Photo: Claus S. Hansen

New equipment to ensure fewer bycatches

Monday 24 Apr 17


Jordan P. Feekings
Head of Section
DTU Aqua
+45 35 88 32 92
Shorter time from idea to commissioning of new fishing gear. This is the idea behind a new research project in which DTU is a participant.

By Martine Line Krebs

Cod fisherman Claus S. Hansen was incredulous when he wound in his trawl net. Inside the net was only 14 kg of flounder—not even enough to fill a single crate. The day before, following exactly the same track, he had landed 50 crates of flounder east of Bornholm. The difference was that on that occasion, he had tested new equipment as part of the FastTrack project, which aims to shorten the road from idea to the commissioning of new and more low-impact fishing gear.

For several months each year, bycatches of flounder pose a major challenge for cod fishermen in the Baltic Sea, as discarding the flounder is a gigantean task. Claus is one of four fishermen participating in the FastTrack project—a research initiative under the auspices of DTU Aqua, Aalborg University, the Danish Fishermen Producers Organisation (DFPO), and SINTEF—the Foundation for Scientific and Industrial Research at the Norwegian Institute of Technology. The project aims to simplify the fishing equipment development process and ensure better involvement on the part of the fishing industry and dragnet manufacturers.

Claus S. Hansen has received funding to purchase three specially engineered grates, which allow small cod and flounder to escape from his trawl. He has combined the new grates with an elastic system of his own invention, which divides his trawl into three chambers—ensuring that primarily large cod slip through to the third chamber while the flounder swim out through the grates earlier in the trawl.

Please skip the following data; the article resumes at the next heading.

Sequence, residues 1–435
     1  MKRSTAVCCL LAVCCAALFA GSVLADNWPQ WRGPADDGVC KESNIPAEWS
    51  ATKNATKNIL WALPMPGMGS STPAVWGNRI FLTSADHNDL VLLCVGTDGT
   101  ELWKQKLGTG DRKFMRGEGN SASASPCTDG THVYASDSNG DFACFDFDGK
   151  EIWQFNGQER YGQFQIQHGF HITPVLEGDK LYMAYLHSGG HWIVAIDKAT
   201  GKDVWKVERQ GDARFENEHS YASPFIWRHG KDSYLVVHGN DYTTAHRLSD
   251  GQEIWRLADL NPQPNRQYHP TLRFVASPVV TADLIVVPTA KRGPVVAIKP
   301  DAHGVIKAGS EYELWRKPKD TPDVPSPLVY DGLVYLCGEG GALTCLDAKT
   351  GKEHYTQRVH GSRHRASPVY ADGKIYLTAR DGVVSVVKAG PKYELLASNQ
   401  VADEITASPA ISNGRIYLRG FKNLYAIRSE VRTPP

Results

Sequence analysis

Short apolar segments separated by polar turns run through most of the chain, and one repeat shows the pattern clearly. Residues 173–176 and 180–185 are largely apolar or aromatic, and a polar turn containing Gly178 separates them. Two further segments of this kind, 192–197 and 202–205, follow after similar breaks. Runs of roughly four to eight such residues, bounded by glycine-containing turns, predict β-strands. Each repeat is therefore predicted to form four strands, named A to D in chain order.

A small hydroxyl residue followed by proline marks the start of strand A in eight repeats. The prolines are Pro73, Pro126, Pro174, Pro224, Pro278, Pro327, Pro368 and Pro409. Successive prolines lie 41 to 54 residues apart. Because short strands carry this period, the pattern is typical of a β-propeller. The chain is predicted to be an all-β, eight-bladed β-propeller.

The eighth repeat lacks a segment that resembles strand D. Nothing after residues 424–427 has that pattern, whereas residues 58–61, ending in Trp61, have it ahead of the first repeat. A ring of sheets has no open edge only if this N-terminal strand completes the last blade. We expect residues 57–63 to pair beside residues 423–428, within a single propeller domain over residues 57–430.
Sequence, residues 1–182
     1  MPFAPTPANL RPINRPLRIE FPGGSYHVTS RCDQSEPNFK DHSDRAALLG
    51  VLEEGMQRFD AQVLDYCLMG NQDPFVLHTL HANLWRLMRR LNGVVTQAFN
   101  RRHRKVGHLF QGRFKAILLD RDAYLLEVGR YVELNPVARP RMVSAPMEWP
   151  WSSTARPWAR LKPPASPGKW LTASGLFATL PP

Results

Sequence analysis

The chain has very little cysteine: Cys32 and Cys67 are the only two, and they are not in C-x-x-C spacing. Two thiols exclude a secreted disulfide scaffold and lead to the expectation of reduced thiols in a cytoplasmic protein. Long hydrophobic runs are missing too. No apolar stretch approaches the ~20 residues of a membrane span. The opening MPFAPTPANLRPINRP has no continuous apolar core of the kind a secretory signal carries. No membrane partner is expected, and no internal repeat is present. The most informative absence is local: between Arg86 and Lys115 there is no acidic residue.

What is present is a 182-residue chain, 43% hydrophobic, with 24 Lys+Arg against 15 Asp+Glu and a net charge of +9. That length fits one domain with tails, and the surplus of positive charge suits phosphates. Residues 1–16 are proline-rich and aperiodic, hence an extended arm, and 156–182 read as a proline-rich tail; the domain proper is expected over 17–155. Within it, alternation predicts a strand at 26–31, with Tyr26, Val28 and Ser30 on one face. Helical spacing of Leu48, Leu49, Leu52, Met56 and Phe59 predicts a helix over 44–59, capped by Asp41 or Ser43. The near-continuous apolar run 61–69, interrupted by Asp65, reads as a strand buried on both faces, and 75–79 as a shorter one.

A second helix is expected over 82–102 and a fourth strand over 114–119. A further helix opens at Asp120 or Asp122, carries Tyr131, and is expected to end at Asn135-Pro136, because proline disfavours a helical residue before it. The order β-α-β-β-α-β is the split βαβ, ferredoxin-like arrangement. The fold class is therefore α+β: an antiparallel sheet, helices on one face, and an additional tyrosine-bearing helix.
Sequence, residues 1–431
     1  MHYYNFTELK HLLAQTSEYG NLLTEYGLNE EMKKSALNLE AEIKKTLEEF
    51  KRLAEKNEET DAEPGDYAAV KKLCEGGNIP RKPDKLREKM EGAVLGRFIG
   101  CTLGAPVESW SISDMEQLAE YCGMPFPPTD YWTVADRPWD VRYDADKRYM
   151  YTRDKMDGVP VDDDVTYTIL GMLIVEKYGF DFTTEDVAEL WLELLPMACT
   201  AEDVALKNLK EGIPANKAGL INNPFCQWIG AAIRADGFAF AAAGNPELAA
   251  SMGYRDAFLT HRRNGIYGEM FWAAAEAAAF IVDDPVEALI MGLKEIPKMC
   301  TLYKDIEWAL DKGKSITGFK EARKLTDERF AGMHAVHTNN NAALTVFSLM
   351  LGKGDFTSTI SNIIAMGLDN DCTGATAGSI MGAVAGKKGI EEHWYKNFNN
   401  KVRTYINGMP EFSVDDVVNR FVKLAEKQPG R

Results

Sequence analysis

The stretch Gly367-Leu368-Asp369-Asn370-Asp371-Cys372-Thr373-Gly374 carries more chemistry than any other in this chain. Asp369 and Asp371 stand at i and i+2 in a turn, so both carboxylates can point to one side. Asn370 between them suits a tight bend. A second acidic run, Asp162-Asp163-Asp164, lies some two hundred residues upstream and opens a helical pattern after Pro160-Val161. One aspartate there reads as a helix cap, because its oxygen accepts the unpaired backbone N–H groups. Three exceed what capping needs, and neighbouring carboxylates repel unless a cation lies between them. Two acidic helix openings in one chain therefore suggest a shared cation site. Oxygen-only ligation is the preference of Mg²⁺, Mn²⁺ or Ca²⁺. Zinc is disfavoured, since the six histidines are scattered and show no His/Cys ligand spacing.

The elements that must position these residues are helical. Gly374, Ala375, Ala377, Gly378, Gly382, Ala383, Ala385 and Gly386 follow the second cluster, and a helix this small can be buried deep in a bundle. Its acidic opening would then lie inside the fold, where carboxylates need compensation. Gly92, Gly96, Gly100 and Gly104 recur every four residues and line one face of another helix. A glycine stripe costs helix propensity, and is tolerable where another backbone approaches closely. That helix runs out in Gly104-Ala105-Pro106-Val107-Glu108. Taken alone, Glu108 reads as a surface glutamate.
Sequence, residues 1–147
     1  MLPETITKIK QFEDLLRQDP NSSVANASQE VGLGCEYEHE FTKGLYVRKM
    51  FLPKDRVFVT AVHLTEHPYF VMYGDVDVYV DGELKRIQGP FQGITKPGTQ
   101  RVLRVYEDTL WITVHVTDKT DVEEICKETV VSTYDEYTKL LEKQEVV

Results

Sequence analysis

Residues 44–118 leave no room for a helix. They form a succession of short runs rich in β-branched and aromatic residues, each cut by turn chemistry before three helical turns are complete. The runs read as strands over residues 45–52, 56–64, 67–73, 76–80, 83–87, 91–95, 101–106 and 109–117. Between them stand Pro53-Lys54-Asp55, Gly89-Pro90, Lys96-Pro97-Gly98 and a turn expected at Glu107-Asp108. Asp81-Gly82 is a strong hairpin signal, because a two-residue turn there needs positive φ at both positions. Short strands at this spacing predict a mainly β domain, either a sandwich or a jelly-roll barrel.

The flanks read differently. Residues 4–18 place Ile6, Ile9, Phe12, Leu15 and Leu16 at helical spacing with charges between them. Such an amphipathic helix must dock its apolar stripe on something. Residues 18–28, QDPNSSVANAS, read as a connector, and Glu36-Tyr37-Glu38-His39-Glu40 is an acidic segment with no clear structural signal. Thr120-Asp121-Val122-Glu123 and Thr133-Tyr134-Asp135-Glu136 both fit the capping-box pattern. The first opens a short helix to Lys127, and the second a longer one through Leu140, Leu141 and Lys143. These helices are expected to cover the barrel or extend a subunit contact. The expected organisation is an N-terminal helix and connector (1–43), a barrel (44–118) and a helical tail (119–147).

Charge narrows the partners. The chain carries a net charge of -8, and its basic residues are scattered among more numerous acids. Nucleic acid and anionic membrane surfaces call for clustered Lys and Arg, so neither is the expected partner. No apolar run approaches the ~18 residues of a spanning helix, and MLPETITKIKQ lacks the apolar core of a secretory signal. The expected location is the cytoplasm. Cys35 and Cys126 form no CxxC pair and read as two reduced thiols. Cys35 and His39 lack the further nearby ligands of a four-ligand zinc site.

Photo: Claus S. Hansen  


“I’ve struggled with the flounder for many years. I’ve been waiting to try these grates for a long time, but they were so expensive that I didn’t dare order them. So I think it’s great that we fishermen now have the opportunity to test new equipment and that we’re all helping to pay for it,” says Claus P. Hansen.

Faster from idea to legislation

FastTrack has received a DKK 6 million funding pool through the European Maritime and Fisheries Fund— and the Ministry of Environment and Food of Denmark.

Fishermen from all over Denmark and from all types of fishing with ideas for equipment improvement can now apply directly to FastTrack and thus avoid the long, difficult process of applying for money, analysis, and reporting to The Danish AgriFish Agency—a process which can easily take between two and three years before new equipment finds its way into the law, explains FastTrack project manager, researcher Jordan Feekings from DTU Aqua.

“Fishermen with a good idea get in touch with us. We examine previously performed tests and pay for part of the cost of adapting the equipment. The fisherman then tests the new equipment, after which time we carry out a scientific investigation and draw up a report so that the modification can hopefully find its way into legislation,” he explains.

The FastTrack project is a collaborative platform between fishermen, dragnet manufacturers, and researchers with the aim of ensuring the efficient, smooth, and low-cost development of new equipment. At the same time, researchers must ensure knowledge sharing about the new equipment throughout the entire fishing industry. Another benefit of the FastTrack project is that it allows for an actual development phase during which the equipment is tested, modified, and tested again.

“The development phase is important, as often the equipment doesn’t function perfectly on the first trial. In the present system, there is often no real opportunity for a development phase,” explains Jordan Feekings.

Photo: Claus S. Hansen

Harbour envy

At the harbour in Svaneke, the other fishermen look enviously on, as Claus S. Hansen most days can make do with reeling in around 150 kg of flounder—whereas they have to struggle with around two and a half tonnes. The flounder in particular pose a challenge for the fishermen in the Baltic Sea between January and April. Claus S. Hansen also notices a difference in his cod.

“They’re completely smooth and slimy so they’re really difficult to hold. But for me, it shows that the system works. It means that the small cod and the flounder also suffer less damage and thus have a greater chance of survival,” he says.

At the moment, FastTrack is a three-year project, but Jordan Feekings hopes that it will be so successful that it will become a permanent platform:

“I hope we can show that this system works and makes the development of new equipment simpler and more inclusive for fishermen so it leads to better fishing.”